In our last post in the “Grocery Shopping for Your Health” series, we focused on breakfast cereals, and we’ve covered a good portion of the store. But, we still have a little more to go. And, today, we’re wandering into the breads aisle and bakery area.
We can usually select breads from two separate areas in the store: an aisle dedicated to breads, rolls and more made, packaged and delivered by vendors, and an in-store bakery. No matter which area you select your bread from, make an effort to choose “whole grain” and “whole wheat” bread, which are healthier options.
Don’t be fooled, though. Just because a bread is labeled as “wheat” doesn’t mean it contains whole wheat or grain. Nearly all bread is made with wheat. You might also think that stone ground, cracked wheat, multigrain or even 100 percent wheat is considered whole grain, but that’s not necessarily true. And to surprise you still further, store-bought rye and pumpernickel breads are made mostly with refined white flour. So, no whole grain there, either.
If you are searching for a whole-grain bread, your search should start with a reading of the ingredient list. To ensure you’re getting the best product, whole grains should be among the first ingredients on the list, since federal Food and Drug Administration (FDA) codes require such lists to note ingredients in order of amount.
Let’s take a step back, and take a quick look at what makes a “whole-grain bread.” Per FDA labeling guidelines, whole-grain bread must contain the bran, endosperm, and germ portion of a grain, and in natural proportions.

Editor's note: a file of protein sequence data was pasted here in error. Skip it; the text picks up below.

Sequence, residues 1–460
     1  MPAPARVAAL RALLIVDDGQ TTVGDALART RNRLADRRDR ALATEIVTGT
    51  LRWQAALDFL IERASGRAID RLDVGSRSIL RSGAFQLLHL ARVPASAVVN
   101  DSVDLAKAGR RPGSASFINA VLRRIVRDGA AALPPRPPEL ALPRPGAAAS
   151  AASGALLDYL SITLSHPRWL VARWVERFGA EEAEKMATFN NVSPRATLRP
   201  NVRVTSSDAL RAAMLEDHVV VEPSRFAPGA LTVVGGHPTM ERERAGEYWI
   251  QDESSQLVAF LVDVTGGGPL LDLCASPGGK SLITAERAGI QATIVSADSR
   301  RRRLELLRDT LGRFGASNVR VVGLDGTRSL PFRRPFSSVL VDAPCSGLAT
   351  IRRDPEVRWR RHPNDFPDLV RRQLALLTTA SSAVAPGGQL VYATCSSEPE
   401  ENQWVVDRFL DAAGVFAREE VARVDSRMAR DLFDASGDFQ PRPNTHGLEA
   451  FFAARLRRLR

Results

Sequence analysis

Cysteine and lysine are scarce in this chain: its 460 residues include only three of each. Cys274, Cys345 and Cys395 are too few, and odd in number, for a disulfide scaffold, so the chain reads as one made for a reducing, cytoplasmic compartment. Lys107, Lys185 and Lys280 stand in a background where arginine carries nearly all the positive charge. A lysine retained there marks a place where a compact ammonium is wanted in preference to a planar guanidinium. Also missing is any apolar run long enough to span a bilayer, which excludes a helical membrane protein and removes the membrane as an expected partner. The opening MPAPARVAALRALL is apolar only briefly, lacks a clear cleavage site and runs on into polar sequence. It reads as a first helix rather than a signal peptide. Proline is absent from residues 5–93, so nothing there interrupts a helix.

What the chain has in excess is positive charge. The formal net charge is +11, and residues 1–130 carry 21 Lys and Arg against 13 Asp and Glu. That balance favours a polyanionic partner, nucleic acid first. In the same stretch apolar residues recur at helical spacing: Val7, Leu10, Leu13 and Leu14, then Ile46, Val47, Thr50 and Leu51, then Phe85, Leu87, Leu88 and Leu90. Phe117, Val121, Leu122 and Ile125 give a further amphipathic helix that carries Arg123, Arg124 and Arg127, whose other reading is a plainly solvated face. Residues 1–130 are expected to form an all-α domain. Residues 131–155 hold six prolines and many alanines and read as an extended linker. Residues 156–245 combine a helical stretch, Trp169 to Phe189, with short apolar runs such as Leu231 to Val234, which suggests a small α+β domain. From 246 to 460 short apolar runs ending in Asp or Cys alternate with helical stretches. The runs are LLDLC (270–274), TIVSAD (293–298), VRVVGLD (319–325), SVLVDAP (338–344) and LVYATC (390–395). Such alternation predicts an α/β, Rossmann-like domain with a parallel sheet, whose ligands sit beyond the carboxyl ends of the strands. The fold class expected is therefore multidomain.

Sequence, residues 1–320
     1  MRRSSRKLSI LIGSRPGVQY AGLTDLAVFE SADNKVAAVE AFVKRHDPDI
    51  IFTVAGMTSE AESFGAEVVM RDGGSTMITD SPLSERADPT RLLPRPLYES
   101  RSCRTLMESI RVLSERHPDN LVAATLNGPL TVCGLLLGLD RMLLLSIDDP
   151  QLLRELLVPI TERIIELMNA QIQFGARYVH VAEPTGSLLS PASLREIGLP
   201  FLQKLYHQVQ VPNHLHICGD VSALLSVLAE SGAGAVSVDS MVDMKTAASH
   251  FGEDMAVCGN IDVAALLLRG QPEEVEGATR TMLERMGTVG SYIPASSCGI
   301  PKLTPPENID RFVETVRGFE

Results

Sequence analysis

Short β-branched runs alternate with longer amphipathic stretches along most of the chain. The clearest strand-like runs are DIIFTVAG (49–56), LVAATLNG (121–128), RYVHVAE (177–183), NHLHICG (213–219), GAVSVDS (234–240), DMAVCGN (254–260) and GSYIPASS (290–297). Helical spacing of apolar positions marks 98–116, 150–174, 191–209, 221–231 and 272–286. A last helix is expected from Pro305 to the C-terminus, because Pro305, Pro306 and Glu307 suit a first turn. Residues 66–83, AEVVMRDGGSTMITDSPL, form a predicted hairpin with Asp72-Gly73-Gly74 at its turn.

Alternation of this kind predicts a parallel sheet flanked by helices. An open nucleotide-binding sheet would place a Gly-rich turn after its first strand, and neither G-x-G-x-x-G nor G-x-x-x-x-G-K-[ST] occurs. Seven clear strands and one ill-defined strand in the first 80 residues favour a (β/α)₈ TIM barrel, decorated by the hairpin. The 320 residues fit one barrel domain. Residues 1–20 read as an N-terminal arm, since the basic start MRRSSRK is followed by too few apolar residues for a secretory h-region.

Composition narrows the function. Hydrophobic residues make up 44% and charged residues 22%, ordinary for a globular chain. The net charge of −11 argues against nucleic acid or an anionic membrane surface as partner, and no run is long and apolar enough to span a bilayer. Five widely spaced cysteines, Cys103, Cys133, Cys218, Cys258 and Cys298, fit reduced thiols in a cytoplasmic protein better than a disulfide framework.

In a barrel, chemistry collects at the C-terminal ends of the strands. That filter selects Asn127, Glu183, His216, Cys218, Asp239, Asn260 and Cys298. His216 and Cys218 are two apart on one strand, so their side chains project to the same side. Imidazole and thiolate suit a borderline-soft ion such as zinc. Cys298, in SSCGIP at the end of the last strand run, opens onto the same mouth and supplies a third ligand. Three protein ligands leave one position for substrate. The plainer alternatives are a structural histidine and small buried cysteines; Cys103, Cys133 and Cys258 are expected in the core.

Put another way, a whole grain is the entire edible part of the grain. Oats, corn, wheat and rice are just some whole grains.
Each part of the whole grain plays an important role in supplying different nutrients. The bran, which is the outer layer of the grain, provides antioxidants, B vitamins and dietary fiber. The endosperm is the inner layer beneath the bran, and makes up the bulk of the grain. It has most of the proteins and carbohydrates. Finally, the germ lies at the core of the grain, within the endosperm, and has B vitamins, vitamin E, some trace minerals and essential fats.
Whole grains have more fiber than refined flours. But, not everyone takes to the taste and/or texture of whole grain bread. If it’s not something you want in your diet, then try to select breads that are “enriched.” The flour used for these breads have the B vitamins and iron added back in, thought it leaves out the fiber.
And, if you love your bakery breads, try to choose breads with less fat. These could include Italian and French breads, bagels, English muffins, rye bread and pumpernickel, among many. Again, read the nutrition label to make your best choice.
A word of caution about the bakery section. This area smells wonderful, and has eye-catching displays for the breads, cakes, cookies and sweet treats. It’s an area where shoppers easily can load up a cart on impulse and desire, without thinking twice about it.
Instead, you should approach this area with moderation in mind.
Bakery items can contain more fat and added sugars, which means more calories. Many item sizes have expanded over the years, as well, to meet consumer demand. And, of course, many of us like to munch on a baked cake or torte, to celebrate a special event or simply to savor the flavor. Keep these thoughts in mind when shopping the baked goods, and remember to be sensible about your serving size.
Here is a tip I have always followed with my children and their celebrations. If we have cake left over after an event, I save one slice for the guest of honor to enjoy the next day. Then, I give away as much cake as I can to family and friends. If we still have cake left over, I’ll freeze it for a later date (it’s a good idea to date the package, and make sure to thaw it in the refrigerator before eating).
NEXT: We step outside the grocery store to take a peek inside our pantry.